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My position in this chapter is that there is no such thing as creativity. I mean this in two senses. First, creativity is not an object: not something that can be looked at from different angles, conceived in different ways. It is a concept, which is to say that unless one subscribes to Plato's theory of Forms it has no existence apart from its own history as a concept. This history is recent and largely Western. Attempts to contrast 'Western conceptions of creativity' or 'post-Romantic conceptions of creativity' with their opposites are, on this understanding, attempts to contrast tautologies with oxymora, one might as well contrast Christian and non-Christian conceptions of Original Sin. Second, creativity is not an objective property: not something that can be present in or absent from particular people, acts, texts, utterances, etc. It can only be ascribed, which is to say that it is always a function of social interactions that - often retrospectively, and always provisionally - produce particular people, acts, texts, utterances, etc. as creative or non-creative. This is the approach that I call 'critical'.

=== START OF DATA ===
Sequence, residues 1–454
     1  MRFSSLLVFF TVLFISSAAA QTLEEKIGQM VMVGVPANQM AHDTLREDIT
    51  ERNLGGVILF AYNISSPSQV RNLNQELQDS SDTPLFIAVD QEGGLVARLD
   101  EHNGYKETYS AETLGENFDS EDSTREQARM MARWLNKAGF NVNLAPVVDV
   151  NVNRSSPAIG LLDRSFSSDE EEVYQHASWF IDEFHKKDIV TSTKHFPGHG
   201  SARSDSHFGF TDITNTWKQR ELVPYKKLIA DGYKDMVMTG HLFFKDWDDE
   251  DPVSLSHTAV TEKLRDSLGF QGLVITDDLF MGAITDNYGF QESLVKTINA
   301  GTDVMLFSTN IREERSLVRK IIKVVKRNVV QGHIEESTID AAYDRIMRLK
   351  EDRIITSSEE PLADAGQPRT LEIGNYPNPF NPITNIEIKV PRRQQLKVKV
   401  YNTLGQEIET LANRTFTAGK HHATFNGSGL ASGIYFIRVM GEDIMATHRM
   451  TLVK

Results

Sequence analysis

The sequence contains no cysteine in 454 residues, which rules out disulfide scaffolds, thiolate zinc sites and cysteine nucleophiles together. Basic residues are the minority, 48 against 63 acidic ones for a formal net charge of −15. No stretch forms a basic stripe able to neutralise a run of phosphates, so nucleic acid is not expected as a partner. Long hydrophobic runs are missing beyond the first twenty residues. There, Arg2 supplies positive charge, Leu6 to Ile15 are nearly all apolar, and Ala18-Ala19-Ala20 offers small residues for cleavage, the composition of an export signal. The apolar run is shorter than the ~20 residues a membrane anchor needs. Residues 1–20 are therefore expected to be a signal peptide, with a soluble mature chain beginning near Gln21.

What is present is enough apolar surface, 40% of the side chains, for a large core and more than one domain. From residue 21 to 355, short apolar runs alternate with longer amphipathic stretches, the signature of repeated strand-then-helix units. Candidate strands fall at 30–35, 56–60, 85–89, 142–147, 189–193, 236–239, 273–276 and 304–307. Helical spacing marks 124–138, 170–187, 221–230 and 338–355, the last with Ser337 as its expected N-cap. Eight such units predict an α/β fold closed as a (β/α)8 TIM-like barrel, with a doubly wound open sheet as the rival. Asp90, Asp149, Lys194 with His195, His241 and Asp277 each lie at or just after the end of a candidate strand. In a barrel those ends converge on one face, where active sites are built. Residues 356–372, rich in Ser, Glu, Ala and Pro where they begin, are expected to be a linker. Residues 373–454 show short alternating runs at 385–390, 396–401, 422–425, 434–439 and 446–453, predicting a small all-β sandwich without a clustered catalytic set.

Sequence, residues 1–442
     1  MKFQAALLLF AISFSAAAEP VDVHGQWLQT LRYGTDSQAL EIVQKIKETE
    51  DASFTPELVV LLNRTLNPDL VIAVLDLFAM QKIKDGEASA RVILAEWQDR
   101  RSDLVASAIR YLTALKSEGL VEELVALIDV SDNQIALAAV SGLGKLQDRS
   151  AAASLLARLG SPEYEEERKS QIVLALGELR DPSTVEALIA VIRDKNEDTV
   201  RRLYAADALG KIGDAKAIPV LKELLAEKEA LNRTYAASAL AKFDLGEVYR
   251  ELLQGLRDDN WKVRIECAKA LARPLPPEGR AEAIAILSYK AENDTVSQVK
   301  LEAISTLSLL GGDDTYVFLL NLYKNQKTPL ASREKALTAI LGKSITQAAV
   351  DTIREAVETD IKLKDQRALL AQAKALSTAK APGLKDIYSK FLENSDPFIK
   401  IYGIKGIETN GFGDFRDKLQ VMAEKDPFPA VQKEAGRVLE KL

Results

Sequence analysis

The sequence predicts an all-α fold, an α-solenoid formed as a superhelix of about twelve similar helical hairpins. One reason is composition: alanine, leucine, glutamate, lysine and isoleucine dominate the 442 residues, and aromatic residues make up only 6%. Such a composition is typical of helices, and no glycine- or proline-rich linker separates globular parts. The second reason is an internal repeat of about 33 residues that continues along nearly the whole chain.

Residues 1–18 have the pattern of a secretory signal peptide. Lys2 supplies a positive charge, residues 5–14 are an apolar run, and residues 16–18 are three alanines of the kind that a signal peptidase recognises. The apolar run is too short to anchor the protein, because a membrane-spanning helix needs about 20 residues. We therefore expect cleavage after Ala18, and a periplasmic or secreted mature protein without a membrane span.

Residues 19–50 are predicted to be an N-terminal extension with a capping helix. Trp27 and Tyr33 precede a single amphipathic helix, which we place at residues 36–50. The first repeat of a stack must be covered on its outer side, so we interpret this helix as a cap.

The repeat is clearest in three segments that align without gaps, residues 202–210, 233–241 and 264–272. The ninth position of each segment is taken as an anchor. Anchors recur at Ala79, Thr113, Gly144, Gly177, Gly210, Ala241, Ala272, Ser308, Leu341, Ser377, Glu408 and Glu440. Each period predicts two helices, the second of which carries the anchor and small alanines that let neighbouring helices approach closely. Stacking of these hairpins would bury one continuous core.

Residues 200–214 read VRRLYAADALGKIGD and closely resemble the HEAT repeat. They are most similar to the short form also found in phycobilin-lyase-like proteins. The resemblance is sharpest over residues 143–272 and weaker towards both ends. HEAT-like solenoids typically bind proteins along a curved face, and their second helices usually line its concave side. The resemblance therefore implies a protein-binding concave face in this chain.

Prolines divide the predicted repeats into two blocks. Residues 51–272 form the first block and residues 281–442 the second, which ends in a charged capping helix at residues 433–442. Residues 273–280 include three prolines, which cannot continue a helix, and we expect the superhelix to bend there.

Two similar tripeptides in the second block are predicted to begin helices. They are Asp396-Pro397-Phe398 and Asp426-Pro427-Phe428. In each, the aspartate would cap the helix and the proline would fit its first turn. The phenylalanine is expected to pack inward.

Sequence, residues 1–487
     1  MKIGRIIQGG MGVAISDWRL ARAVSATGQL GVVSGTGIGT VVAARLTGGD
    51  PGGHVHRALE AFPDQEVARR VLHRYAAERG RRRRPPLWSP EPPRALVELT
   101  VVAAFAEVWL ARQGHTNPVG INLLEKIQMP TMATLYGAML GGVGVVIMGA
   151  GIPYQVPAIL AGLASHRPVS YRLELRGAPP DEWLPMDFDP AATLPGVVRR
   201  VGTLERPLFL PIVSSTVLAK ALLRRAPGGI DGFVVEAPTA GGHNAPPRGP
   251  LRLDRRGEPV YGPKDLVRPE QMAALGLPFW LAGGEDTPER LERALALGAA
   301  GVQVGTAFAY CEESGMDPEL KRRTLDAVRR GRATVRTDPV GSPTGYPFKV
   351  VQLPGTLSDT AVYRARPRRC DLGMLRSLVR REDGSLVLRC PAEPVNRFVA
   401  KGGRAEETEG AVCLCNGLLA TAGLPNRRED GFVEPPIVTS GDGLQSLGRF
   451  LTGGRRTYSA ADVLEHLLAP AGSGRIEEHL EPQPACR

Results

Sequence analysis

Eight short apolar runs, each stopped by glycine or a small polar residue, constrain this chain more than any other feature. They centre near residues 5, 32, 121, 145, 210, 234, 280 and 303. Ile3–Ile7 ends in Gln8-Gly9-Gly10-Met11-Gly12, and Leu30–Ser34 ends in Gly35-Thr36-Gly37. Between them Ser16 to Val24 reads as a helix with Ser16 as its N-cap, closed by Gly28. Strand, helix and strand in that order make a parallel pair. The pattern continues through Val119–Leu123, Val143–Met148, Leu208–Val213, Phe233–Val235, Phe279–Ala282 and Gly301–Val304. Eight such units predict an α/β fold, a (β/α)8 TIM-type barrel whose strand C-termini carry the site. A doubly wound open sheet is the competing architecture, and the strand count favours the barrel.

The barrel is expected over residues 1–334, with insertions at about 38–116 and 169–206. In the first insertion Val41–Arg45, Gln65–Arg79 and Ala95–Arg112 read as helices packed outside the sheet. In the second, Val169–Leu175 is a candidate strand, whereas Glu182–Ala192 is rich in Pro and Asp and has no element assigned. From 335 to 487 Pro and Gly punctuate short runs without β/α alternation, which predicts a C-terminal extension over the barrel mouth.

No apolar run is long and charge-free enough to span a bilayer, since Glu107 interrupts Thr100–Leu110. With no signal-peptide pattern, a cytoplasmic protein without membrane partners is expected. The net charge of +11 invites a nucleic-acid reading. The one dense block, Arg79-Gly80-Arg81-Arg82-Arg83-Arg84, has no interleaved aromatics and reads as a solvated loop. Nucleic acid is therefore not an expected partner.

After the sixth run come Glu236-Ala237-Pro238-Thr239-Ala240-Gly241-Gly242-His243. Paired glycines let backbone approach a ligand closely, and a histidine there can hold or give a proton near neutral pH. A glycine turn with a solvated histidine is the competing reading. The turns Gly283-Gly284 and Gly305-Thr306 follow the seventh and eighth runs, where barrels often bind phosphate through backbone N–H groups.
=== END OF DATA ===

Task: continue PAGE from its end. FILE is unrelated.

|Item Type:||Book Chapter|
|Copyright Holders:||2011 Daniel Allington|
|Academic Unit/Department:||Education and Language Studies > Centre for Language and Communication|
|Interdisciplinary Research Centre:||Centre for Research in Education and Educational Technology (CREET)|
|Depositing User:||Daniel Allington|
|Date Deposited:||15 Sep 2011 14:52|
|Last Modified:||16 Aug 2014 01:53|
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